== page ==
A fossil is proof of a once-living thing from a past geological age. Studying the oldest fossils found on Earth helps the experts to get an idea about what alien life forms we may find on other planets, for example, Mars.
The question is, how can we tell the difference from a fossil and other non-organic geological characteristics? NASA scientists alleged back in 1996 that they uncovered resides of extraterrestrial life on a meteorite but was proved not to have biological origins after all.
Microfossils might not be evidence of alien life
Experts have conducted a recent study proving how some objects similar to microfossils can form without any actual microbes. This study may raise doubts about particular fossils, however, all bad to the greater good. In the end, experts will have enough evidence regarding the past geological age – on this planet or others.
It is hard to distinguish pseudofossils from real microfossils. At first glimpse, it can look like a microfossil of a billion-year-old microscopic life form. However, it may be just a speck of microbe-shaped dirt or something similar to a mineral that evolved in a crack in the rock.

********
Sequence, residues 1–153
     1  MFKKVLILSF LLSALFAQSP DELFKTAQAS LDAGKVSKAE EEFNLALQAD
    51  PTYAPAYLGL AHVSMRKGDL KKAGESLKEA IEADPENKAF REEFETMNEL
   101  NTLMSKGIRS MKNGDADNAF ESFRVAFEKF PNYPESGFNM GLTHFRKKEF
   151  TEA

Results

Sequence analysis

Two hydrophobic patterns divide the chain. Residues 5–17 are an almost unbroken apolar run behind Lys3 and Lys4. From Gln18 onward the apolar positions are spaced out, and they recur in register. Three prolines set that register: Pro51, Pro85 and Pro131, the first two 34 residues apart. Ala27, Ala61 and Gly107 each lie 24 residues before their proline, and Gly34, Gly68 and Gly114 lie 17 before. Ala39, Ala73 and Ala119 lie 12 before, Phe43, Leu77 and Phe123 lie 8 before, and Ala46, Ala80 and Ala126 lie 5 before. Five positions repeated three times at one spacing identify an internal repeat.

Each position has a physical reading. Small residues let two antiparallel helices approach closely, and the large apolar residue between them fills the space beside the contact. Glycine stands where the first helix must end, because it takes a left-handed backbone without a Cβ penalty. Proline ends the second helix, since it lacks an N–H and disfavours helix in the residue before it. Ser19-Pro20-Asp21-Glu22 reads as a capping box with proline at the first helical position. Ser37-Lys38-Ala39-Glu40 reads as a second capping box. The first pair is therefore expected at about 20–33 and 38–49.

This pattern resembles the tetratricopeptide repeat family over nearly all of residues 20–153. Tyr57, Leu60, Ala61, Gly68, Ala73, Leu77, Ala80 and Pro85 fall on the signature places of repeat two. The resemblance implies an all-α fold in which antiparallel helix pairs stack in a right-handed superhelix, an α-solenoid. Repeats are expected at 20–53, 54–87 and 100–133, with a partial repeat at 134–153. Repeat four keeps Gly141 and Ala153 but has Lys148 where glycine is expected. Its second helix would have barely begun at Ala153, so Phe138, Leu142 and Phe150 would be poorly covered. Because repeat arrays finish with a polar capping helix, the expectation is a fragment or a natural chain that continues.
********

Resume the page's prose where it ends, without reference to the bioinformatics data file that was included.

As tricky as it is, geologists and astrobiologists look at the shape, structure, and chemical composition of samples. From there, they conduct experiments and compare these characteristics with alkaline lakes or from well-preserved uncontroversial examples from the older rock record.
Occasionally filaments of iron oxide have taken the shape of the organism, which encompasses some new highly-profile discovers, including those from 4-billion-year-old rocks in Canada.
The study proves that not all hollow tubular filaments made of iron oxide are biogenic microfossils.
Researcher Sean McMahon experimented “chemical gardening,” which eventually established complex arrangements of hollow tubular filaments that can superficially look like shapes of microbial lifeforms.
Real or not?
This study clearly shows that discovering fossils of alien life on Mars must be funded by remarkable evidence. McMahon admits in his published paper that the reported 4-billion-year-old iron oxide filaments could just a result of fluids chemically reacting with the ancient seafloor than Earth’s oldest fossil lifeforms.
But this investigation also doesn’t dismiss the possibility of authentic ancient iron oxide microfossils or their use as a model for evidence for life on other planets. These fundamental questions remain unanswered for now, but we are on a journey toward the truth.